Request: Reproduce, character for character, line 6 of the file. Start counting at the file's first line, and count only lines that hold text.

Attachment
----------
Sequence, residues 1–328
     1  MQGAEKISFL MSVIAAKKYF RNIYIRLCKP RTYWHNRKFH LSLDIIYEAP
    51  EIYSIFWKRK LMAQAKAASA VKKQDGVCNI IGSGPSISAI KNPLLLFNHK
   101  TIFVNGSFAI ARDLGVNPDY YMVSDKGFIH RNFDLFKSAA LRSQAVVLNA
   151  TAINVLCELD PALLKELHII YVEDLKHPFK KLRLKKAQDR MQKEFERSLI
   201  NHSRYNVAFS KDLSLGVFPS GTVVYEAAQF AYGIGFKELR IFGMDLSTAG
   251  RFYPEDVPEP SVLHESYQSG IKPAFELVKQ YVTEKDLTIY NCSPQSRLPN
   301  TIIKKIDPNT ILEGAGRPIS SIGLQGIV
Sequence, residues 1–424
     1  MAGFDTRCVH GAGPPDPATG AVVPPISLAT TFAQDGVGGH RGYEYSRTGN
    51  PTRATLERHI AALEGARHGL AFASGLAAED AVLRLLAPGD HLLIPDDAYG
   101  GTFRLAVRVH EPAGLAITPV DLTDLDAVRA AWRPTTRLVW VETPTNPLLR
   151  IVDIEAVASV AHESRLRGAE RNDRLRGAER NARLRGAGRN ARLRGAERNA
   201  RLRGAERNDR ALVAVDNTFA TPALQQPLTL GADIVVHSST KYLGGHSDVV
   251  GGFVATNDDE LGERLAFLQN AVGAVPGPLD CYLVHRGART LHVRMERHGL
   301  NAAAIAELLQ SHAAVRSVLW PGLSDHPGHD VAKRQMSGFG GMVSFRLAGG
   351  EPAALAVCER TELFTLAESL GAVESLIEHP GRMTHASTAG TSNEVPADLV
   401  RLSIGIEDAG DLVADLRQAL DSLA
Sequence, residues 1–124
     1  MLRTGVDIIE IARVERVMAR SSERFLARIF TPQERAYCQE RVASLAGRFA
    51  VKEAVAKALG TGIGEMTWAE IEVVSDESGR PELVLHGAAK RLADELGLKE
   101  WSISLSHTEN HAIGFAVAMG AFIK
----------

   201  NHSRYNVAFS KDLSLGVFPS GTVVYEAAQF AYGIGFKELR IFGMDLSTAG